Councillors in plea for €1.3m lifeline


COUNCILLORS want €1.3 million from the Government to fill the hole in Waterford’s budget.

If they can’t raise the money by December 12 they will be asked to support cutting services or increasing commercial rates. If they refuse, the Government is likely to intervene. It has power to suspend the City and County Council and to impose whatever measures it thinks necessary.

Last week a majority of councillors rejected a proposal to increase commercial rates. Chief Executive Michael Walsh had sought an increase of five per cent. His proposal was torpedoed by Sinn Féin and Labour. Although they are part of the controlling group on the council, they rejected Mr Walsh’s suggestion. They voted instead to continue lobbying the Government for funding, pushing the decision back to December 12.

The problem has been caused by a change in the way rates are paid on assets owned by Irish Water. They are no longer paid to the counties where properties are sited but divided among all local authorities in proportion to use, as is the way with other State utilities. They change has hurt other councils – particularly Dublin – but none as badly as Waterford.

are going to cut everything to the bone

The City and County council was left with a budget shortfall of €3.3m but the Department of Local Government has offered a one-off contribution of €2m to help bridge the gap.
Mr Walsh proposed an increase of five per cent on commercial rates to raise the remaining €1.3m. The alternative, he said, was cutting services.

“Do we want to exist on the basis that we are going to cut everything to the bone, end up delivering very poor services and in a sense end up going nowhere quickly?” he asked councillors.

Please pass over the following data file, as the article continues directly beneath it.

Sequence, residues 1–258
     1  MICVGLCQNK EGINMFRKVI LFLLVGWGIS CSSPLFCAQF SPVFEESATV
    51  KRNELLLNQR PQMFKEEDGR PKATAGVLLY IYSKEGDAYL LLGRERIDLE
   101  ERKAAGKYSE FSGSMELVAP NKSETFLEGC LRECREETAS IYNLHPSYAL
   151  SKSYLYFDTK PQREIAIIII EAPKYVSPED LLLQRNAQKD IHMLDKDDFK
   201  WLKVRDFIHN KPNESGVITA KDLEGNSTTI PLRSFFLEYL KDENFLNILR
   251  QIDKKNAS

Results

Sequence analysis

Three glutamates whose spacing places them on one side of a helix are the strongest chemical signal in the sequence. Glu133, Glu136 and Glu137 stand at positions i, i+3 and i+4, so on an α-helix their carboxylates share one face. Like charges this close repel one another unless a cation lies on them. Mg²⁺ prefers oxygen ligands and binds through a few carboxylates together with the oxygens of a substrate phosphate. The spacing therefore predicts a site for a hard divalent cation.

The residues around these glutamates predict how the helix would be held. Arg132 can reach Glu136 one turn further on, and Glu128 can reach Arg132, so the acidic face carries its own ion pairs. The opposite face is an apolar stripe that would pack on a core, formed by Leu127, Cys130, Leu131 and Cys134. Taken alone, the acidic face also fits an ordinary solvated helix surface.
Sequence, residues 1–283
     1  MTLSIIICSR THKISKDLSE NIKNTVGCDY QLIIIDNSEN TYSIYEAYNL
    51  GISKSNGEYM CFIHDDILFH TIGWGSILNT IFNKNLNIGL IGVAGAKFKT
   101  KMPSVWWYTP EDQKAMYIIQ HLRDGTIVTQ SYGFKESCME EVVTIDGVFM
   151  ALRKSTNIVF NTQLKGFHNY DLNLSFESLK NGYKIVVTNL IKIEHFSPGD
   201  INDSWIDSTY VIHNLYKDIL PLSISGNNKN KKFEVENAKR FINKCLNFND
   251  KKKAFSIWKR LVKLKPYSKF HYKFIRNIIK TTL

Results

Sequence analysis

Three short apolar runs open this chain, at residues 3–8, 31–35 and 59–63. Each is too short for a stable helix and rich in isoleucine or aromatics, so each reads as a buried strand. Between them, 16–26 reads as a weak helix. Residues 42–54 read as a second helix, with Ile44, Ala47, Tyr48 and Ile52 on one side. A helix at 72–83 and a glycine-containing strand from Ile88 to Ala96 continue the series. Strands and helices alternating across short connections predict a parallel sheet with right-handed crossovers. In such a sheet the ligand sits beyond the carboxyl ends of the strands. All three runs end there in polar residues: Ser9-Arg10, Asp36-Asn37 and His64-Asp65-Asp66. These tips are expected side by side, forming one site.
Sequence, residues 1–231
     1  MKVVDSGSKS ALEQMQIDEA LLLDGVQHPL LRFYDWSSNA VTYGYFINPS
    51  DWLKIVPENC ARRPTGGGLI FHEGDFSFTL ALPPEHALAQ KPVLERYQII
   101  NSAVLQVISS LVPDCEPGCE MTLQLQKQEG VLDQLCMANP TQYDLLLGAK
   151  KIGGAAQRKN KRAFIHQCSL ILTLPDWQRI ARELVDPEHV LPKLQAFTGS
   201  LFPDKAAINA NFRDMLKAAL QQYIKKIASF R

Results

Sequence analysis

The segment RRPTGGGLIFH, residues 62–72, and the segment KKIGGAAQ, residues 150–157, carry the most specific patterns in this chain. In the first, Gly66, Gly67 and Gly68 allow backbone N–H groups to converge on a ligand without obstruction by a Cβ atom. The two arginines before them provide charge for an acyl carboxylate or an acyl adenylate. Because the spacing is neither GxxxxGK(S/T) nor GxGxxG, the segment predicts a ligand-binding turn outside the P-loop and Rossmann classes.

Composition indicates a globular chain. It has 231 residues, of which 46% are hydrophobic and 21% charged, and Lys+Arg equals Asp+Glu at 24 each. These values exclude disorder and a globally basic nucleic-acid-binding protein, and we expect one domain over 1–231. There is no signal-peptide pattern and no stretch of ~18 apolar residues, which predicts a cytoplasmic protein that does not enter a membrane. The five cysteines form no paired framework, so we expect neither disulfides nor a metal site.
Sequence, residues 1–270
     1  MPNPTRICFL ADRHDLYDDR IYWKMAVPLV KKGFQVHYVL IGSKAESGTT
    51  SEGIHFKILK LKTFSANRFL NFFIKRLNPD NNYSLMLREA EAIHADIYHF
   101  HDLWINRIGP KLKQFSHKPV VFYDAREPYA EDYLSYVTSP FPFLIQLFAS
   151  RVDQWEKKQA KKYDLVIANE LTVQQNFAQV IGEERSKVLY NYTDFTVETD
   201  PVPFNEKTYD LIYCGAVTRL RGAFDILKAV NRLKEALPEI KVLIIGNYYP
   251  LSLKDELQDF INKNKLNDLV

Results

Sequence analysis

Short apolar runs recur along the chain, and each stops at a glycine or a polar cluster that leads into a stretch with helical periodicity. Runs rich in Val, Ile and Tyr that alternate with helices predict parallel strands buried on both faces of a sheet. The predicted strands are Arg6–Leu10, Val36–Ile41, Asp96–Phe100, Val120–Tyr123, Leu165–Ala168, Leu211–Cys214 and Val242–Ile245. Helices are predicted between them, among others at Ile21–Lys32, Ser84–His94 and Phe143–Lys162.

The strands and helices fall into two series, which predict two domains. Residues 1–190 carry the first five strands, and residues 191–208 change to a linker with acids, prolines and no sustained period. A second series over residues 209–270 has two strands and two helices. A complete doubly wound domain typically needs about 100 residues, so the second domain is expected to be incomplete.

He said the council had delivered “phenomenal benefit” to Waterford and he warned that, unless the council could pay for services, “we cannot continue to provide those services and to drive Waterford forward, for the business community, for society here in Waterford.”

The issue has deeply divided local politicians.  Fianna Fáil councillor Eamon Quinlan hit out at the governing coalition of Sinn Féin, the Green Party, Labour and Independents. He warned: “The legal requirement to pass a budget is absolute. The council now passes into a period of emergency talks, at the end of which, if councillors fail to pass a balanced budget, then Waterford City and County Council will be dissolved.

“By law, an unelected commissioner will then be appointed by central government to run the city and county in a troika style manner until the next local elections, four and half years away.”

No one wants direct rule from Dublin for Waterford

He accused Sinn Féin of acting as though the council were the Stormont assembly.  He said: “They appeal to Westminster anytime they don’t get what they want (at the assembly in Belfast) and instead of dealing with their business they simply collapse the local Stormont government if they don’t get their way.

“Do they realise this is not an option here? No one wants direct rule from Dublin for Waterford. Dublin City Council closed an €8m deficit during the week and maintained its services to those who rely on their local authority. It didn’t cross anyone’s mind to wind up Dublin City Council.”

But Waterford People Before Profit, in a statement, “applauded the decision of the Progressive Alliance on WCCC to reject the current budget proposals of the Council CEO, Mr Michael Walsh, and demand an immediate and urgent meeting with the Minister for Local Government, to demand the reinstatement of the annual budget subvention”.

The party said house owners, tenants and small business people were being “forced to stump up yet again”.  PBP called on “the Progressive Alliance to dig in on the budget issue, draw a line in the sand and say ‘enough is enough’ in terms of the way Waterford is and has been treated by central government.”


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